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My Dad had a similar system installed on his 68 Ply wagon with 318 V8 and was to use alcohol and water to help with pre- ignition also kept the pistons cleaner. You can take a fry pan that is gunky heat it up and toss water on it and everything loosens up (clean).
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Old 09-06-2015, 07:35 AM   #5
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I installed a similar system by Edelbrock on my 1972 mustang back in the 80's. Alcohol carries with it oxygen molecules that can be used to help burn the fuel, also the water turning to steam inside the combustion cycle increases horsepower somewhat. Water expands 1200 times its volume when it turns to steam, helping to push the piston down. And as others have said, the cooling effect is like raising the octane, allowing the use of advanced ignition timing for even more power. Should only be used under near WOT (wide open throttle) conditions.
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Old 09-06-2015, 07:41 AM   #6
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Here is a picture and write-up of the one I used.

http://www.motoiq.com/MagazineArticl...valuation.aspx

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Old 09-06-2015, 07:48 AM   #7
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This was not just for tinkerers and teenagers, real military hardware also used this technology....


"Piston engined petrol military aircraft utilized water injection technology prior to World War II in order to increase takeoff power. This was used so that heavily-laden fighters could take off from shorter runways, climb faster, and quickly reach high altitudes to intercept enemy bomber formations. Some fighter aircraft also used water injection to allow higher boost in short bursts during dogfights"


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Old 09-06-2015, 01:37 PM   #8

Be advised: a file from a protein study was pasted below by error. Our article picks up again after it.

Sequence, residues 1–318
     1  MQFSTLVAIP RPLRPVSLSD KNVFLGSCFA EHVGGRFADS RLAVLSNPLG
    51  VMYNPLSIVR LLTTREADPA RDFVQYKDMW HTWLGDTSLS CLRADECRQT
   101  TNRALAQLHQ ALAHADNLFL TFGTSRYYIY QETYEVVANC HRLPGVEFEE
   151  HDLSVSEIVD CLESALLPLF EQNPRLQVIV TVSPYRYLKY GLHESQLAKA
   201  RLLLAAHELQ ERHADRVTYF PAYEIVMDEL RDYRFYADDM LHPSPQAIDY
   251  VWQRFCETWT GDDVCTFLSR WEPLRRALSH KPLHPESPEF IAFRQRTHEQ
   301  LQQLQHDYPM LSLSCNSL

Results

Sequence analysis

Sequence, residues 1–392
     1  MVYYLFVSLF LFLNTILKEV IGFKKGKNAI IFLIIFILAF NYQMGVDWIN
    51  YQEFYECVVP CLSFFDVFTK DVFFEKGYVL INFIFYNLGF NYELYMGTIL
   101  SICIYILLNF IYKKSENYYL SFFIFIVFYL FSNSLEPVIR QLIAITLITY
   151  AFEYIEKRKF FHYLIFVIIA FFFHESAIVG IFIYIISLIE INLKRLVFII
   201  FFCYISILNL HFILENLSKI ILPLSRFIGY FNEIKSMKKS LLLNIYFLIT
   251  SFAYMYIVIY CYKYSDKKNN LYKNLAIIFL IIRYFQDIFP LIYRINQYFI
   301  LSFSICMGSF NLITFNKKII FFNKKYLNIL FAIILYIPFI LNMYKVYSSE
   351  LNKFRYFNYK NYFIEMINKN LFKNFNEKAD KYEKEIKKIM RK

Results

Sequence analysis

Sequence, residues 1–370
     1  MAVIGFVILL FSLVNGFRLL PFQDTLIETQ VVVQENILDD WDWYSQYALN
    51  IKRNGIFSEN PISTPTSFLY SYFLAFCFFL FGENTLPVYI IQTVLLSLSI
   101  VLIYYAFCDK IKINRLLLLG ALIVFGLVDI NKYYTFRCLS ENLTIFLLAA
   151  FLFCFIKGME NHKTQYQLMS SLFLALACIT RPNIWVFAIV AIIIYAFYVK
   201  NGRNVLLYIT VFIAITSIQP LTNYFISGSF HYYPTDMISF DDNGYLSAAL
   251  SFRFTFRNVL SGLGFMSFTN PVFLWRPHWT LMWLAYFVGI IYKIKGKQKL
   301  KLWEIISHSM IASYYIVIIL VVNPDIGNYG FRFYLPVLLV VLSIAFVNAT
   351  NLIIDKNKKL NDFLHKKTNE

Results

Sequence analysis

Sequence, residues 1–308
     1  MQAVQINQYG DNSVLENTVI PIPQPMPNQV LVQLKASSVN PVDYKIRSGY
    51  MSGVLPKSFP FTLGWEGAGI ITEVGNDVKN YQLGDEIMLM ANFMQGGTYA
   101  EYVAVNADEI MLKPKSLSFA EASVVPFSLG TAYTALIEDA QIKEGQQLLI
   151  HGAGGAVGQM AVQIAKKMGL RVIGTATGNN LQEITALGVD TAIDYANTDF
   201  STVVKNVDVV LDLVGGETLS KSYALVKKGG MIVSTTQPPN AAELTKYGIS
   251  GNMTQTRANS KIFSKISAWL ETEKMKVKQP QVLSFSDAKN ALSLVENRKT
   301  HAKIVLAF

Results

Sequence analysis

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I was going to mention the airplanes during WW-II my Dad told me a lot of stories about those old planes and the radial engines, he flew a TBM. What I do recall on Dad's 68 Ply was a fairly good sized glass bottle with a couple tubes in it and from there the tubes ran ove to the air cleaner, he would fill it up once a week .I have sometimes wondered if the injection system could be used on the engines but it would probably screw up the computers.
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Old 09-06-2015, 02:09 PM   #9
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Their are systems for just about any application available. Mine is for carbureted systems and is triggered by a vacuum sensor and uses a single injector in the base of the intake manifold.
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Old 09-06-2015, 11:04 PM   #10
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Quote:
Originally Posted by pasdad1 View Post
This was not just for tinkerers and teenagers, real military hardware also used this technology....


"Piston engined petrol military aircraft utilized water injection technology prior to World War II in order to increase takeoff power. This was used so that heavily-laden fighters could take off from shorter runways, climb faster, and quickly reach high altitudes to intercept enemy bomber formations. Some fighter aircraft also used water injection to allow higher boost in short bursts during dogfights"


Attachment 106020
I am wondering if this could be made to work on a 71 302 Ford engine in my class-3 I have this feeling that the engine is going to rattle on hard pulls.